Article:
Experts don’t always agree on how to approach this one. Some recommend minor revisions – updating appliances, refacing cabinets, installing new sinks and flooring — while others advocate full-scale makeovers that change the size and layout of the room and include adding new cabinets and counter space. A minor renovation involves mainly cosmetic changes and will cost substantially less than a major renovation. You’ll want to consider your options before making a decision.
Average ROI: 50% to 75%
Other remodeling choices can provide long-lasting value. These include:
Adding a Bedroom
Because appraisers look at square footage, adding a bedroom will have more impact on your home’s value than converting an existing room for that purpose. If you increase the square footage, the value of your home will also go up. How much it increases can depend on several factors including whether you’re in an urban or rural area, your neighborhood, and the current market.
Average ROI: 50%
Adding a Bathroom
This can be expensive, so research other houses in your neighborhood before deciding how much an extra bath and bedroom can add to your home’s value. If most homes in your area are three-bedroom two-bath houses, and your home has two bedrooms and one bath, an addition could boost the value of your home. On the other hand, overbuilding for the neighborhood might not pay off.
Average ROI: 55%
Finishing a Basement
A finished basement can be attractive to buyers and add more livable square footage to your home. With a little drywall, flooring, and paint, you can turn the basement into a selling point and increase your home’s value.
Average ROI: 70%
Don’t Forget Curb Appeal
The outside of your house is the first thing buyers see and making a few moderately priced renovations could boost your home’s value. Here are a few to consider:
Updating the Exterior
Giving your house a fresh coat of paint can make your home more marketable and attractive to prospective buyers at a relatively minor cost. Faded or weathered siding can detract from your home’s curb appeal and should be replaced. New vinyl siding will cost a bit less than manufactured stone veneer, but both will improve your home’s appearance and boost its value.
Average ROI: 50% to 95%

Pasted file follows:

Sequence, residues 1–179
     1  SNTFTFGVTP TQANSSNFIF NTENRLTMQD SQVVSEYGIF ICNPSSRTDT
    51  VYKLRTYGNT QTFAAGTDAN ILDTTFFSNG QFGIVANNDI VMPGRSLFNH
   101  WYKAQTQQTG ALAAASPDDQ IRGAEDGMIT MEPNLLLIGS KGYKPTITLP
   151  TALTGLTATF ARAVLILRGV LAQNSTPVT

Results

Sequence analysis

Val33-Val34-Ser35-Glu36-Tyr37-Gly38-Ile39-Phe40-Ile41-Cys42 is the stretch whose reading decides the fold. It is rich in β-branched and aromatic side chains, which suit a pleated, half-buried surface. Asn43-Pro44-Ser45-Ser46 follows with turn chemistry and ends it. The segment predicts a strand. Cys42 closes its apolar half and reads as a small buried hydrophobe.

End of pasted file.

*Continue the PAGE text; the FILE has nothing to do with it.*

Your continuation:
An old or dull-looking garage door doesn’t do your house any favors. Updating to a high-end garage door not only makes your house look safer and more appealing but also adds to the value of the property. Similarly, a new front door can make your home look more inviting at a modest cost.
Average ROI: 90% to 95%
Updating the Landscaping
Landscaping can give you the most bang for your remodeling buck. It’s also a low-cost way to make a good first impression on a potential buyer. Experts recommend updating both the front and backyard with a landscaping design that’s simple and clean and doesn’t look too work-intensive to maintain.
Average ROI: 100%
How to Pay for Home Renovations
As a homeowner, you have a few options when it comes to paying for upgrades and renovations:
A home equity line of credit is a revolving line of credit that lets you tap into your home’s equity to borrow money when you need it up to your limit. HELOCs tend to have lower interest rates than unsecured loans.
Home Equity Loan
This is an installment loan with closing costs that provides you funds in one lump sum. This can be a good choice if you know how much you need to borrow.
With a cash-out refinance, your new mortgage is for more than what you owe on your home. The extra amount goes to you in cash. If you can get a low interest rate, this can be a good source of low-cost funds.
Renovating your home can improve your quality of life as well as add value to one of your biggest assets. The type of renovations and upgrades you choose depends on your personal goals and current life situation. See if a Home Equity Line of Credit is right for you.
Content is for informational purposes only and is not intended to provide legal or financial advice. The views and opinions expressed do not necessarily represent the views and opinions of WesBanco.